THE bitter public row between the Hawks and Finance Minister Pravin Gordhan escalated on Tuesday as the unit threatened legal action against the minister, causing the rand to crash through the R16/$ level.
After three weeks of a verbal war, the rise in tone is likely to heighten investor fears over SA, and whether Mr Gordhan remained secure in his position. It comes in the midst of a visit to the country by ratings agency Moody’s.
The rand first sank to R16/$ in December last year after the firing of Nhlanhla Nene as finance minister.
Mr Gordhan hit back, describing a Hawks statement that he had not met the deadline to answer questions on an alleged "rogue" unit at the South African Revenue Service (SARS) as "threatening".
The rand breached R16/$ to the dollar level for the first time since last month following the Hawks’ statement.
The currency closed at R15.53/$ on Monday. Yields on the rand bonds due 2026 surged 28 basis points to 9.42%.
Mr Gordhan’s departure could spell disaster for an economy threatened with recession and on the brink of having its credit rating downgraded to junk.
President Jacob Zuma reappointed Mr Gordhan in December as finance minister, to help rebuild investor confidence.
Two weeks ago president Zuma said Mr Gordhan was not in jeopardy, but the Hawks’ pursuit of him — first before the budget and last week during global road shows — raised fears he is at risk.
"It’s a cause for concern," Rune Hejrskov, at Jyske Bank in Silkeborg, Denmark, said.
"Absolutely, we’re pricing SA with the possibility that Gordhan may not stay in his job."
"What they are doing is to undermine his credibility in the eyes of the international community by trying to make him out as a criminal," George Herman, head of South African investments at Citadel Investment Services, said. "I don’t understand the agenda behind this. It is a cut-your-nose-to-spite-your-face strategy."
Mr Gordhan said on Tuesday that he had instructed his attorneys to prepare a response to the Hawks’ questions.
The lengthy statement by the Hawks accused Mr Gordhan of attempting to stall its investigation into the unit and of seeking "preferential treatment".
The fight between the Hawks and the minister erupted after the unit sent him a list of 27 questions on the "rogue" SARS unit on the eve of the budget.
After African National Congress (ANC) secretary-general Gwede Mantashe also questioned the timing of the letter, the Hawks said it was not investigating Mr Gordhan "per se".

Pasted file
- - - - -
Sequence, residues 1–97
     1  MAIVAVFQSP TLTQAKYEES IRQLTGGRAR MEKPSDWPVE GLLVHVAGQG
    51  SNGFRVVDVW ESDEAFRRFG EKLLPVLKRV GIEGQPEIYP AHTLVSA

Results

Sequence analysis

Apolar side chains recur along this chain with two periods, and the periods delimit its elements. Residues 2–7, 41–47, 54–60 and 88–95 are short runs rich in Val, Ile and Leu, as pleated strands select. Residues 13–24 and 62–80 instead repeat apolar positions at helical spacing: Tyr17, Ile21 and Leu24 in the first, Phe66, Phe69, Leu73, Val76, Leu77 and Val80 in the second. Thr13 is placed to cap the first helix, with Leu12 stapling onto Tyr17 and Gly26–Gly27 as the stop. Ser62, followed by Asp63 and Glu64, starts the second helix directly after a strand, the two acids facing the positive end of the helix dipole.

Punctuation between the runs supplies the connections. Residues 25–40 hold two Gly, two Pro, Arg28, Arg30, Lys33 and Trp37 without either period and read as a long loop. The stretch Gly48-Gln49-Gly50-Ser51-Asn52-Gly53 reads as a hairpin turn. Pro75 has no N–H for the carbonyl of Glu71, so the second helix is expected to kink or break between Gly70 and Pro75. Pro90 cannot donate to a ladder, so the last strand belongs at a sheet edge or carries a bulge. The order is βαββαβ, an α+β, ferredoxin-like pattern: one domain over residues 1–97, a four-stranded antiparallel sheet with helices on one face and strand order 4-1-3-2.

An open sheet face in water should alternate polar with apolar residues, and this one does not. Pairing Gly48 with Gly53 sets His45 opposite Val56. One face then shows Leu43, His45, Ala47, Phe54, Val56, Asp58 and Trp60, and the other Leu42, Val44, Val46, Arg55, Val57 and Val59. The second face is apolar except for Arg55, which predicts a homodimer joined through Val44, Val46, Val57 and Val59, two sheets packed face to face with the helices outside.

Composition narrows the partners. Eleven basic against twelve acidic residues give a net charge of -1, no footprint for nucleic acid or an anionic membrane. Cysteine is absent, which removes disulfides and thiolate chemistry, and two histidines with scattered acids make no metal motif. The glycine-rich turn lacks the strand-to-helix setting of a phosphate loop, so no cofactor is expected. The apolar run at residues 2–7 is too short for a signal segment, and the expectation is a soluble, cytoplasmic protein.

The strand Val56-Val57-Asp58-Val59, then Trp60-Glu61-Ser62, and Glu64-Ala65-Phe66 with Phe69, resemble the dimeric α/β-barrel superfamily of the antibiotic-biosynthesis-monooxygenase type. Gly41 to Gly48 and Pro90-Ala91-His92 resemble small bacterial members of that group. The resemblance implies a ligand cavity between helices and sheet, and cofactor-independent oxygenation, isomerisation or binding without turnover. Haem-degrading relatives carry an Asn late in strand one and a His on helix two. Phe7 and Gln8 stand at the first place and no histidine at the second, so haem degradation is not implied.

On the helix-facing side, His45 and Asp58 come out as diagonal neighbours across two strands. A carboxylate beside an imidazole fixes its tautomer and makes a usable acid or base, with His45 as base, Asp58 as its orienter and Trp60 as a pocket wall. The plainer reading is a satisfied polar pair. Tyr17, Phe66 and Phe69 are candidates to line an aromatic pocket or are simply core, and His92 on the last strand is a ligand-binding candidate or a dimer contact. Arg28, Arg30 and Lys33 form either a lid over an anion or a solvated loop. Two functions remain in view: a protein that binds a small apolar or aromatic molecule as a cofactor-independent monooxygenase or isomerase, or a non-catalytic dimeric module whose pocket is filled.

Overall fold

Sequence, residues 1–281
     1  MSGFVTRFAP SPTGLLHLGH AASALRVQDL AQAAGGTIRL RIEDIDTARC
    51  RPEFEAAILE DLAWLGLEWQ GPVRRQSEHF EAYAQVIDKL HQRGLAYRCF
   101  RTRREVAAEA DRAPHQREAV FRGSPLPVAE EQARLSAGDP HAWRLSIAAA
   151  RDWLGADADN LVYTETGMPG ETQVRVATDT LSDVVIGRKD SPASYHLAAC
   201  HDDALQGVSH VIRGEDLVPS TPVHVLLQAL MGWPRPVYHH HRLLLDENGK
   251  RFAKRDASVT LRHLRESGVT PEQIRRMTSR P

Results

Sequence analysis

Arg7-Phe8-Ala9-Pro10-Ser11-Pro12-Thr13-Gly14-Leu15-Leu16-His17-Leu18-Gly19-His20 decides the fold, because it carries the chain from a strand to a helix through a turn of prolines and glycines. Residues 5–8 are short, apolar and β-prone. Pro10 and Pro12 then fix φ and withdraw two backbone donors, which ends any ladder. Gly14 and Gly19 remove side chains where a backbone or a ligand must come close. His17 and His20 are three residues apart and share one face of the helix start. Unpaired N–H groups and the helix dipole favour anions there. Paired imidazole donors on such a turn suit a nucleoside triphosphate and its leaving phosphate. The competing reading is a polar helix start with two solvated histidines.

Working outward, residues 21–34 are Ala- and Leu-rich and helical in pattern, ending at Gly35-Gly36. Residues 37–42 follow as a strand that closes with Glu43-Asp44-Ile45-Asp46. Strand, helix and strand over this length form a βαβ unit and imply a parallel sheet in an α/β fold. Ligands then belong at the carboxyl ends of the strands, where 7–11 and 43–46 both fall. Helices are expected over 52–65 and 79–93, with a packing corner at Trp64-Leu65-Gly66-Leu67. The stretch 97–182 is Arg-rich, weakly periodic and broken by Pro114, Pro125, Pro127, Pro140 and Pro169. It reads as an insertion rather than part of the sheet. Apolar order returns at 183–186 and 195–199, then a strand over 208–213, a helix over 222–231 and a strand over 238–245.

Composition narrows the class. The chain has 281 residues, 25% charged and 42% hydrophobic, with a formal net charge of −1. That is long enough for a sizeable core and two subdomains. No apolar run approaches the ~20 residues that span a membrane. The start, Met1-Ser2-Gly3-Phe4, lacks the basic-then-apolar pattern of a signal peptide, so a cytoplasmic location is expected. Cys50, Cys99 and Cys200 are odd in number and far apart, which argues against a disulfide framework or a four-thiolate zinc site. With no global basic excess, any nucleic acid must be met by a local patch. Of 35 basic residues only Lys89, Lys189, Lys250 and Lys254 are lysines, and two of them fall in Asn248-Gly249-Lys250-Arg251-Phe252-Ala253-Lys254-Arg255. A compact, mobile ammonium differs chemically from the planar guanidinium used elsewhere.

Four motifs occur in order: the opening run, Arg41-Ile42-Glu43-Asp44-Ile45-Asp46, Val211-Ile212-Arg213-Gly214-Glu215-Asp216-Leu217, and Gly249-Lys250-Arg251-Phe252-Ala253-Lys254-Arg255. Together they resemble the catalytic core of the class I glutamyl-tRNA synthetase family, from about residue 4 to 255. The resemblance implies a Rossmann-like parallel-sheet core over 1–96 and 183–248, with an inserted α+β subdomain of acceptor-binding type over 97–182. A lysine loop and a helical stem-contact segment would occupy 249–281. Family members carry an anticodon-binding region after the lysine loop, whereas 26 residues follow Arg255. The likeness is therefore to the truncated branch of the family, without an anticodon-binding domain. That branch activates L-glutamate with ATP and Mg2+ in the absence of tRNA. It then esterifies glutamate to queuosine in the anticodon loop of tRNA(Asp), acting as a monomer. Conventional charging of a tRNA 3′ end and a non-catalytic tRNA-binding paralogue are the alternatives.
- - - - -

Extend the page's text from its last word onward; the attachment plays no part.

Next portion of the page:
The battle is tied to Mr Gordhan’s tense relationship with SARS commissioner Tom Moyane, who began driving the probe into the unit, and all those linked to it, shortly after taking up the post at the tax agency at the end of 2014.
Mr Zuma is meant to be dealing with the problems between Mr Moyane and Mr Gordhan. The issue was high on the list of concerns raised by investors with the finance minister and others on a road show last week.
Mr Gordhan has consistently maintained that the SARS unit had been established legally, and with the consent of then finance minister Trevor Manuel.
It also appears that at the heart of the latest fight is a misunderstanding emanating from a weekend media report containing details of a letter sent by the Hawks to Mr Gordhan.
On Sunday, Mr Gordhan issued a harsh statement accusing the Hawks of "intimidation and harassment" akin to apartheid era police after the Sunday Independent reported that he had until Tuesday to respond to the questions the Hawks had sent him last month.
The Hawks in its statement on Tuesday took issue with Mr Gordhan’s comments on Sunday indicating that he had not received a "new" letter.
It said the minister had also "questioned the authority" of the head of the Hawks, Mthandazo Ntlemeza, in his response to the letter.
"The minister, for whatever reasons, has failed to meet the SECOND (sic) deadline for answering questions and our legal team are forging a way forward which will see the Hawks exercising our constitutional powers.
"The investigations will not be stalled by an individual who refuses to comply with the authorities and demands a preferential treatment."
Mr Gordhan’s attorneys had in his first response to the Hawks on March 2 asked for clarity on what legal authority the investigation was based on. He said on Tuesday that the Hawks had not responded to this request, but he has nonetheless instructed his attorneys to prepare a response to the questions.
"The minister would have liked to abide by the request of the Presidency and the ANC (as an NEC member) to not debate this matter publicly. However, once again the Hawks triggered a response because of their threatening statement," the ministry said.
The Hawks also took issue with the minister’s suggestion that the Hawks had leaked the letter.
A briefing two weeks ago by Police Minister Nkosinathi Nhleko and State Security Minister David Mahlobo also failed to clarify numerous issues around the Hawks investigation.
With Bloomberg, Maarten Mittner